Nuclear Policy News

Nuclear Policy News - October 3, 2017

Nuclear Policy News – October 3, 2017

TOP NEWS

Republicans might block Trump from killing Iran nuke deal
Politico

White House again rejects talks with North Korea on nuclear issue
Reuters

North Korea Called Me a ‘War Maniac.’ I Ignored Them, and Trump Should Too.
Politico, William J. Perry

EAST ASIA

Political polarization hampers efforts to counter N.K. threats
Yonhap News Agency
10/2/17
Rival parties' stark divergence on security is posing yet another nettlesome challenge to the South Korean government's efforts to cope with an increasingly provocative North Korea, observers said Monday. 

Fostering peace on Korean peninsula biggest contribution to mankind: PM Lee
Arirang
10/3/17
Prime Minister Lee Nak-yon says fostering peace on the Korean peninsula is the biggest contribution Korea can make to mankind.

North Korea tension sidelines South’s Unification Ministry
Asahi Shimbun
10/3/17
As North Korea steps up its nuclear weapons tests and threats, the Unification Ministry, dedicated to improving relations with the North and eventual peaceful reunification, faces an almost existential crisis.

MIDDLE EAST

Ex-Netanyahu national security adviser urges US to keep Iran deal
Al-Monitor
10/2/17
“Doing away with the agreement is no real option,” said Arad, who served as national security adviser to Israeli Prime Minister Benjamin Netanyahu during 2009-2011. “It simply removes from existence something that had been established, that presented certain assets and certain things that are tangible — and replacing that [with] nothing.”

RUSSIA/FSU/EUROPE

Putin lambasts war hysteria over North Korea
TASS
10/3/17
Russian President Vladimir Putin is certain that soaring military rhetoric over North Korea is harmful, but at the same time Moscow is critical of North Korea’s violations of UN Security Council resolutions.

U.S. NUCLEAR POLICY

Republicans might block Trump from killing Iran nuke deal
Politico
10/3/17
Even a few defections would make a difference in the Senate, where Republicans hold a narrow 52-seat majority. Democratic senators, even those who opposed the nuclear agreement two years ago, want the deal to remain in place. As it stands now, enough Republicans are undecided that GOP leaders would struggle to corral the votes needed to reimpose sanctions.

White House again rejects talks with North Korea on nuclear issue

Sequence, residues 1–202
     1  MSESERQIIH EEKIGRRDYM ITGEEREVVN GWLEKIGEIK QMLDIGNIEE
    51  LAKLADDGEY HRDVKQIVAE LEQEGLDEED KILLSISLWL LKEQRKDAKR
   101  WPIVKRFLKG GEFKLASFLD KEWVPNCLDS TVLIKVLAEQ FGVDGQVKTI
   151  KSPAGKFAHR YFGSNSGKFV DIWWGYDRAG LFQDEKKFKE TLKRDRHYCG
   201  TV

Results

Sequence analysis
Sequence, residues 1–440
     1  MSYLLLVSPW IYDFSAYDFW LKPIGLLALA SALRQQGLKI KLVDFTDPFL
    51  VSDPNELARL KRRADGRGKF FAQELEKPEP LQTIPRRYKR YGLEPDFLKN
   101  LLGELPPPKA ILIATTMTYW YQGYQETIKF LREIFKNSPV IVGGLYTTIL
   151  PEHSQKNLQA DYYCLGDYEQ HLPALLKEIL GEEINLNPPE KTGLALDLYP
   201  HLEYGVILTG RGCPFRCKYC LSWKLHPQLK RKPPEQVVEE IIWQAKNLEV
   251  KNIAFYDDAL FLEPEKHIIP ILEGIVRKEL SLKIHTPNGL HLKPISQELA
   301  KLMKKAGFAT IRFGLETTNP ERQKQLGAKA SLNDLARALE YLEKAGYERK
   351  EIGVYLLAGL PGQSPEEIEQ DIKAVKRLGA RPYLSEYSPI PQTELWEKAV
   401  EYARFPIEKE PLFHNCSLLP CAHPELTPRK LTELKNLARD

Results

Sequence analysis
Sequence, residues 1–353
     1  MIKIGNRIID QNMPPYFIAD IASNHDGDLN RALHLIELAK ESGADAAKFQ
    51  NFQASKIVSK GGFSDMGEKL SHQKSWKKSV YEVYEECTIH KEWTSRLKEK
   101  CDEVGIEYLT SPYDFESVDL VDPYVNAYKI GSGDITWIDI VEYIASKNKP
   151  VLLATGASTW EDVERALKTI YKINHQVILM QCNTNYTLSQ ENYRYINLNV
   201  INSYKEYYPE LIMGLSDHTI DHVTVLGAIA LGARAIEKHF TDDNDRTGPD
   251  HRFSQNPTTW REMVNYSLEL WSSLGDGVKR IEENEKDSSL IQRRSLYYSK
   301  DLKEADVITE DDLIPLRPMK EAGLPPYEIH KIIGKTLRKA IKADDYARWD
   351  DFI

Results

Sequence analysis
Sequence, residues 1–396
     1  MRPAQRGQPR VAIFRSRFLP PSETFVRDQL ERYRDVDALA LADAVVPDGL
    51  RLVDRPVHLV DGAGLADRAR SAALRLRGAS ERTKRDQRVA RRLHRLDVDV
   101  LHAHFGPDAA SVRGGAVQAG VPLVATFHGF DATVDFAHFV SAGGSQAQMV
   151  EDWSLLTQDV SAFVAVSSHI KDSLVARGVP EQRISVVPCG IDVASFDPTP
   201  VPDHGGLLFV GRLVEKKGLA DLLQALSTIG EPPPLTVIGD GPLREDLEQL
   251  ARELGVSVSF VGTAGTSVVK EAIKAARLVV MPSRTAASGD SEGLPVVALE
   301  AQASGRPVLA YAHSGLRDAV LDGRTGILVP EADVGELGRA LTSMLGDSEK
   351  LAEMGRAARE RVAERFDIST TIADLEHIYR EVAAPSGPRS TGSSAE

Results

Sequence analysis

Reuters
10/2/17
The White House on Monday ruled out talks with North Korea except to discuss the fate of Americans held there, again appearing to rebuke Secretary of State Rex Tillerson who said Washington was directly communicating with Pyongyang on its nuclear and missile programs.

A Nuclear Deal With North Korea May Be Tillerson’s Mission Impossible
New York Times
10/2/17
Apart from conflicting messages from President Trump and his aides about their willingness to enter negotiations, the hurdles to a meaningful dialogue with North Korea are high, and it will be even more difficult to reach a deal with the North than it was with Iran, analysts said.

OPINION AND ANALYSIS

North Korea Called Me a ‘War Maniac.’ I Ignored Them, and Trump Should Too.
Politico, William J. Perry
10/3/17
A quarter-century of close involvement with the challenge of nuclear deterrence in North Korea leaves me confident that a different approach holds vastly more promise. This approach would rely on diplomacy carried out in unambiguous but calm and measured language, backed by a thoroughly credible threat of punitive measures up to and including military force. The strategy would start with a clear appraisal of the risks we are trying to mitigate.

Why Pakistan must be like North Korea: Dawn columnist
The Straits Times, Munir Akram
10/3/17
Pakistan's ability to resist Indian diktat and to disagree with America's strategic design flows from one principal source: its nuclear and missile capabilities. Without this, Pakistan would have been attacked like Iraq or sanctioned like Iran. On the other hand, North Korea, despite its isolation, has been able to thumb its nose at America because of its demonstrated nuclear and missile prowess.